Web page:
Three Types

I feel like my father sabotaged me from the grave. I’d gathered the strength to do some sorting of his stuff, discarding things I didn’t think anyone would need – or want.

An early sign his mind was going – and he was fully aware of it – was an afternoon spent at his condo in Gainesville, maybe four years ago. He gave me a copy of his 1Password vault and more importantly, the master password to open it. There was a time he wouldn’t tell me how much he made for a living (re: my whole life) and now he was giving me the keys to… everything.

Ever his son, his last Mac sits running in the corner of my living room even today. I’m afraid of throwing it away without going through everything first… despite having multiple/full backups… in multiple locations (because that’s the way I roll).

Now, if you think there are a lot of things to go through when you’re cleaning out a house filled with a lifetime of memories, think about all the stuff that would accumulate on an engineer’s computer – one who didn’t throw away anything – and carried forward all the data from the last computer when he got a new one.

By the way, if anyone needs a license/registration number for a version of Quicken that’ll run on MacOS 9 (or earlier), let me know and I’ll hook you up.

So I was browsing a collection of encrypted financial records (and finding a more permanent place to keep ‘em), when I came across a seemingly lost text file with the name: “Three Types.” What follows is the full text from this file:

There are only three types of people in the universe:

Those that can count,
And those that can’t.

I love you Dad. I miss you.


Dad with Eric

James Kauffman, formerly of Dunedin (FL), Billerica (MA), and Altoona (PA), died on July 16th. He passed quietly with family at his side. Among those who remain behind to morn his loss: his wife Kathryn, his son John, his daughters Christine and Lisa, his sister Suzanne, a nephew Glenn, as well as four grandchildren. He takes with him his dry wit, an affinity for outdoor activities (bicycling, boating, etc) that you might not guess of someone who spent his life working indoors, and devotion to a woman he could not leave behind on a Massachusetts beach – more than fifty years ago. He was 78 years old.

Jim – as he was known to family and friends – earned degrees at Penn State University and Ohio State University, concluding with a master’s degree in Physics. He went on to work as an engineer for three different employers before he retired: Block Engineering, Honeywell, and Brunswick. However, he spent the bulk of his career at Honeywell, in Clearwater, FL.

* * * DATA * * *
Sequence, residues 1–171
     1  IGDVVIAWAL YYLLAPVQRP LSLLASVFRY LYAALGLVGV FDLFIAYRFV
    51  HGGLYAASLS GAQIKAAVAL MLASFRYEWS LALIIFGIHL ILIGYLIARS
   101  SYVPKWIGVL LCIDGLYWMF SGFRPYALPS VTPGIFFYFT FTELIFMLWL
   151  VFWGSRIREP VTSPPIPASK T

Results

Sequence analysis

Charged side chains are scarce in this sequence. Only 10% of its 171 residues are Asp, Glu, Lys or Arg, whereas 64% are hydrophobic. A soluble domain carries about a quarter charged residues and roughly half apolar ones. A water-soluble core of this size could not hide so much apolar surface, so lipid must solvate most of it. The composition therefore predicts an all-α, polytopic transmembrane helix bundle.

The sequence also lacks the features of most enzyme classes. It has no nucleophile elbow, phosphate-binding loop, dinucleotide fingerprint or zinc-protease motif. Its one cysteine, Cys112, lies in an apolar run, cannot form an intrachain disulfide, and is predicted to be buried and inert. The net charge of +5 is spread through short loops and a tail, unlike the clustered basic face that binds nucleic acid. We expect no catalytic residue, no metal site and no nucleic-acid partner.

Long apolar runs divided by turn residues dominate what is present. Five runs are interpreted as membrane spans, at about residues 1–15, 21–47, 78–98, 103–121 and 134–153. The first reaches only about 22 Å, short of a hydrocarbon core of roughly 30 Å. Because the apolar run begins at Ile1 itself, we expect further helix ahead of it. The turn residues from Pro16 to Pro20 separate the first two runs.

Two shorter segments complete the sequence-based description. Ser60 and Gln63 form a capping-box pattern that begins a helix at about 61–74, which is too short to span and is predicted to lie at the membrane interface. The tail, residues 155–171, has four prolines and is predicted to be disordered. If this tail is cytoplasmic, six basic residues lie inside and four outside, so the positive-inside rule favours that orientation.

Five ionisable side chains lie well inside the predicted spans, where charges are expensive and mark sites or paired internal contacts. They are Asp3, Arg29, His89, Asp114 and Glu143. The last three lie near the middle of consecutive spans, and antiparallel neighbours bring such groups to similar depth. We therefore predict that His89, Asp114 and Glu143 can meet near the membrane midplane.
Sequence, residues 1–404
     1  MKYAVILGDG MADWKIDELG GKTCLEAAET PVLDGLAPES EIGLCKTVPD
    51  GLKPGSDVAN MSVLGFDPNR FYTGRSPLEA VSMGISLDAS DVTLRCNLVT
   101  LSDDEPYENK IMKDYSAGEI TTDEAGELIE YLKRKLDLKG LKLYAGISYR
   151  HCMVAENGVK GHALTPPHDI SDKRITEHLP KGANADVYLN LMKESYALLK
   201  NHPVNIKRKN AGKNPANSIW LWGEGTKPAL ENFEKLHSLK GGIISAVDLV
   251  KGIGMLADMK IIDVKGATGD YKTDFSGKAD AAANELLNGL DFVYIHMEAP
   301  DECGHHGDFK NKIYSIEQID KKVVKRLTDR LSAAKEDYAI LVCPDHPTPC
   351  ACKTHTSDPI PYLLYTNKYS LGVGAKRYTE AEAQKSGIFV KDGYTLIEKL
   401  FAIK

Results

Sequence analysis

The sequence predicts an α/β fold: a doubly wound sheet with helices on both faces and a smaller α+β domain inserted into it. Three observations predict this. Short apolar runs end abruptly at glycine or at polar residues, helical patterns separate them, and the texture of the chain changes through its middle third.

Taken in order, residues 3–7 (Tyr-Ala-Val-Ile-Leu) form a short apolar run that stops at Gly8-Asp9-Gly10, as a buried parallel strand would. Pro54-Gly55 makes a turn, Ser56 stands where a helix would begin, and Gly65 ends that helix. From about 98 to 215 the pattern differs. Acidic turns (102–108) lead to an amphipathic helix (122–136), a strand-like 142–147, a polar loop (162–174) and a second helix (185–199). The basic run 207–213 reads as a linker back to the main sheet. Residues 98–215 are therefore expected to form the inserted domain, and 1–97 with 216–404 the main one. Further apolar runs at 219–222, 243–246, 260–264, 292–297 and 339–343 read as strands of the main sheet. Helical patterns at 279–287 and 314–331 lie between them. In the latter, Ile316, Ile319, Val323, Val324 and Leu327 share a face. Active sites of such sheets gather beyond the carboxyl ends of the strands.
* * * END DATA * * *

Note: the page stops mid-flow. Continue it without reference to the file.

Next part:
Although he could be cagey about the specifics of his job (he once got into trouble for bringing his young son to the office on the weekend), he took pride in working on various projects over the years involving manned and unmanned spaceflight. Additionally, more than one creation bears his name at the U.S. Patent Office.

He rarely missed a week of Church at his long-time parish: Lutheran Church of the Palms (Palm Harbor, FL), held a number of offices on the governing council (including president), and seldom said no when asked to serve in any capacity.

Jim leaves this life much as he lived it. He spent much of his time savoring the quiet joy of a good book or taking the quiet satisfaction of solving puzzles – in many forms – both designed and spun from life’s exquisite chaos. Through it all, he always gave much more than he received.

A private memorial service will be held in the near future.

In lieu of flowers – in line with what his family believes would be his wishes – please consider either a gift to your local church or your local NPR Station.

James William Kauffman (1942 – 2021)

Dad slipped away quietly yesterday afternoon. Christy and I held his hands as he went.
He left with much more dignity than life afforded him in these last twelve months. His inability to find the right words for speech largely became an inability to speak. He went from walking to walker to wheelchair seemingly with haste. Six months ago he still fought the limitations which both grew in number and remained undefeated. He couldn’t tell us explicitly, but he seemed resigned… ready to go. So when an infection quickly began to overwhelm yesterday…

We let him.

There are moments when I find comfort in this. My mind tells me it was the right thing to do, but my heart feels pulped, and I struggle to accept I now live in a world that no longer has my father in it.

When we were four

When we were four

Originally uploaded by jkauffman

Once again my father has upstaged me in our computer arms race. It seems that every time I buy a computer he buys a better one. To be fair, our replacement cycles are similarly modest, he earns more money, and his computing needs are more robust… but come on dad! Give a nerd a break.

Well this time he didn’t get another computer – he just got the film scanner I’ve been lusting. (Not really a dedicated film scanner, but a mid-range flatbed with a transparency adapter for serviceable, if not perfect film scans.)